The Urban Scientist

A tale of three cities

Mannahatta ecologist Eric Sanderson on New York City’s past, present and future

November 18, 2011
New York City in 2409, as imagined in Eric Sanderson’s Mannahatta. [Image Credit: Courtesy Heidi Neilson / Eric W. Sanderson / The Mannahatta Project / Wildlife Conservation Society]

Eric Sanderson wants to turn much of Brooklyn into farmland. Luckily for him, the over 200 guests at his recent Secret Science Club talk in the borough’s Gowanus section didn’t seem to mind.

Sanderson, an ecologist at the Wildlife Conservation Society, tends to think in units of 400 years. So perhaps his guests had no reason for alarm as they sipped beers and vied for standing room in a barn-like back room of The Bell House, the Secret Science Club’s regular meeting place. (To hear straight from Sanderson, read a Q&A from Scienceline reporter Emma Bryce.)

In his New York Times bestseller Mannahatta, published in 2009, Sanderson painstakingly maps the ecology and topography of Manhattan at Henry Hudson’s 1609 arrival onto the modern Manhattan grid. He also discusses his ideas for Manhattan in 2409.

At the talk, Sanderson lovingly ran his mouse over the rivers and hills of the former Manhattan on a map projected above the stage. Foley Square boasted the Collect Pond, the main water source for the Lenape Indians who lived on the island. A stream ran north on the Avenue of the Americas, the same way traffic now flows. As Sanderson described the red maple trees of Times Square, a voice from the audience cried, “That’s more like it.”

To reconstruct Mannahatta, Sanderson consulted old maps, historical accounts, soil samples and tree rings. He also surveyed modern elevation and geology. He then charted the relationships between 1,600 of the of the island’s species and ecosystems. These charts allowed him to extrapolate from his scant data a block-by-block map of where we would have found Mannahatta’s 1,001 plant and animal species, 60 miles of streams and 300 natural springs. Sanderson enlisted digital animators to reconstruct lifelike views of the landscapes he was describing. As Sanderson showed the assembled guests his work, they whistled, clapped and breathed, “Wow.”

Sanderson’s focus now is to reconstruct the natural histories of New York’s other boroughs, and to expand his vision of the entire city’s future. He suggested that if all New Yorkers lived at the density of Manhattan, the city would cover 36 percent of its current area. He accompanied this statistic with a satellite picture of the city, digitally edited to show much of the outer boroughs’ area covered in a patchwork of fields.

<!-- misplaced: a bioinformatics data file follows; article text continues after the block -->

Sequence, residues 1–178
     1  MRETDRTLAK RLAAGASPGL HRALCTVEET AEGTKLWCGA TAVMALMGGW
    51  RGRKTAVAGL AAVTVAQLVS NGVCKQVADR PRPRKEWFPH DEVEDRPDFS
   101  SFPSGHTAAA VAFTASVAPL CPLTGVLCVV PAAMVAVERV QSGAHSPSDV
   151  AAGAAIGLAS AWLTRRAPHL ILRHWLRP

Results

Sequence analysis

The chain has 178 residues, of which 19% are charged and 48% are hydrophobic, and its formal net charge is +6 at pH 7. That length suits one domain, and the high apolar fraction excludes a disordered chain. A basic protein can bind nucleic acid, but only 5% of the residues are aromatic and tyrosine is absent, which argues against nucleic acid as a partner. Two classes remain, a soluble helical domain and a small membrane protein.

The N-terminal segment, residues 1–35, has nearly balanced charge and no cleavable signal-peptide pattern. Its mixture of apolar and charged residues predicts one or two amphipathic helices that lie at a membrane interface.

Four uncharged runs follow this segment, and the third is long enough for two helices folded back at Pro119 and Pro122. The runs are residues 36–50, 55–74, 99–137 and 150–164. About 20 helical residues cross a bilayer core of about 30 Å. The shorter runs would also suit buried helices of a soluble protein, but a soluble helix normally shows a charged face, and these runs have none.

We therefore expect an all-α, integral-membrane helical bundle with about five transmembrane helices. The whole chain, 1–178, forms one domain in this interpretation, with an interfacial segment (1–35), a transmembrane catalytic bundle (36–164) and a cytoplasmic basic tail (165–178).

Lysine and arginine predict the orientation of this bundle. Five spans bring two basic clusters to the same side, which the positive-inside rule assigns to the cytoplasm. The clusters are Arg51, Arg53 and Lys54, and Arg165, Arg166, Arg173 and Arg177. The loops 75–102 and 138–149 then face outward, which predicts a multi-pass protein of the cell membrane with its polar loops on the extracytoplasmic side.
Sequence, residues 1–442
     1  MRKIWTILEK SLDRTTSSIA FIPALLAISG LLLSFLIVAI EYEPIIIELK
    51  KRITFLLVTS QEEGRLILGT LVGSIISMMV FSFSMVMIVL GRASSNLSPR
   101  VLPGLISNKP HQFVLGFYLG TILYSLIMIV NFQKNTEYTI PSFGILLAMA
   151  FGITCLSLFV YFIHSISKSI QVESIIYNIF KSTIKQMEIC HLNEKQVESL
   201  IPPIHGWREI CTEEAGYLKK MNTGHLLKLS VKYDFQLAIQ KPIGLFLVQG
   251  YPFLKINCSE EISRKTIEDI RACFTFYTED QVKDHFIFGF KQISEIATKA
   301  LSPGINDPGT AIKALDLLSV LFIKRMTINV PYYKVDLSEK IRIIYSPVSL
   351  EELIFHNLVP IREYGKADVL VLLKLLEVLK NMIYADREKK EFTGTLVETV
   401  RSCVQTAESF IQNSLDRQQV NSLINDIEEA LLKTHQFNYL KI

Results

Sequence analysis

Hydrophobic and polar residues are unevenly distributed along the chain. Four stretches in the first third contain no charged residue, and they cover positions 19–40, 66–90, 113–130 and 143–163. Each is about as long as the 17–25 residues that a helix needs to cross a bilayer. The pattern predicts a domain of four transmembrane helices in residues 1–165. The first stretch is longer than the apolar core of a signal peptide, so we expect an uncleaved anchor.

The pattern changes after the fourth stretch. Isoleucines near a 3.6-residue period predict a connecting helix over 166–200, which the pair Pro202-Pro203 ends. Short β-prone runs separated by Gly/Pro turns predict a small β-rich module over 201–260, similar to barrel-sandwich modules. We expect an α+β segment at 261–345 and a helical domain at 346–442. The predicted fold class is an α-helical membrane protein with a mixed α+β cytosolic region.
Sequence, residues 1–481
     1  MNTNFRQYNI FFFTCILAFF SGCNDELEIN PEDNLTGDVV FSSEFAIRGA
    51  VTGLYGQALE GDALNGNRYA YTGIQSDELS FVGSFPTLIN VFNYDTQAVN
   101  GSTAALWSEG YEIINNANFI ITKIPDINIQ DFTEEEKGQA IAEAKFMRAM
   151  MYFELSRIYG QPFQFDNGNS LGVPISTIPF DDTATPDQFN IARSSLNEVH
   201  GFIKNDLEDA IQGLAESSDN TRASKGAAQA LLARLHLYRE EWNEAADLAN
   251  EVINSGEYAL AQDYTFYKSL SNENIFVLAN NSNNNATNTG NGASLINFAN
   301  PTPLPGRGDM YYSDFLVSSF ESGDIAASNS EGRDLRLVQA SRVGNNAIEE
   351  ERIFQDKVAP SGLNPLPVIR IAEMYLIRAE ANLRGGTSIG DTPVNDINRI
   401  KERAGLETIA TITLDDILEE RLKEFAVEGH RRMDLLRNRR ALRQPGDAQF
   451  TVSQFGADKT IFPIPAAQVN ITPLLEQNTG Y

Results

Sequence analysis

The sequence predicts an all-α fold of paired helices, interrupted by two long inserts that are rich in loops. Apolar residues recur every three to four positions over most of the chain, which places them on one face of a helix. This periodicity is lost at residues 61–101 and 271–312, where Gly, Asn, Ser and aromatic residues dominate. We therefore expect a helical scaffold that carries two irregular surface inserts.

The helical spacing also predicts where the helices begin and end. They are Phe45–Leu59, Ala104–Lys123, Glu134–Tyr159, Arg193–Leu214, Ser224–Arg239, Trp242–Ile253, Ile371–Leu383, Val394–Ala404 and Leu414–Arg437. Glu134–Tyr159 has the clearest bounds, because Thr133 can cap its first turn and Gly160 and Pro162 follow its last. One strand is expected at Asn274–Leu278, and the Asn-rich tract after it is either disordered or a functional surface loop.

In the denser areas, he imagines building green roofs, eliminating cars and integrating renewable energy into buildings. A digitally constructed image showed the Flatiron building with trees on its roof, surrounded by buildings topped with wind turbines, as bicyclists, streetcars and a small stream passed by.

In the beginning, Sanderson did his work on the Mannahatta project largely using his own time and money. Eventually, the Wildlife Conservation Society allowed him to split his work time between campaigning to save endangered animals and working on Mannahatta. The state of New York began to fund his educational initiatives, but the project was considered too unorthodox and ambitious for scientific funding. Now Sanderson is funded by numerous individuals, the state and city governments, and environmental and research organizations.

Sanderson is willing to put in all of this effort and time because he remembers how he felt when he first came to New York. “It’s a place you come when you don’t care about nature,” he said. As a newly minted PhD student hired by the Wildlife Conservation Society to protect exotic animals, Sanderson simply saw the city as a stopping place between flights to richer landscapes.

But seeing the city as part of an ecosystem is increasingly important as the world urbanizes, Sanderson explained. “Cities are becoming the most important habitat for humans,” he said. Unless we understand how our cities connect to our food, water, and energy supply, cities will not last.

If we can see that the city was radically different 400 years ago, perhaps we can envision a new city with an equally radical change, Sanderson explained. And if we can understand the importance of seeing the connections between things, perhaps we can build a city that is better connected to the world around us.

Sanderson’s vision of the future may be more inspirational than immediately feasible, but while exploring his virtual landscape with him, it is difficult to avoid getting caught up in his enthusiasm for the city in all of its guises. “I knew I loved nature,” he said. “But now when I walk in Manhattan I feel the same way.”

Correction: A previous version of this article incorrectly stated the year in which Henry Hudson came upon his eponymous river. It was 1609, not 1409.

About the Author

Kate Yandell

Kate Yandell graduated from Williams College with a B.A. in English and biology. English took her to Oxford University her junior year to try her hand at Old English. Biology led her to the swamps of Cape Cod to research marine worm development, and also prompted journeys through the scientific literature to understand everything from why the giant sloths and saber tooth tigers died out to how microbes communicate. She likes to sing, run, and hang out in coffee shops and libraries. Find her on Twitter: @kateyandell.



Steven says:

How did Henry Hudson get to the new world before Columbus? (And wouldn’t that be a 600 year span?)

Kate Yandell says:

You are right, Hudson arrived in 1609. Sorry that got through, and thanks for pointing it out!

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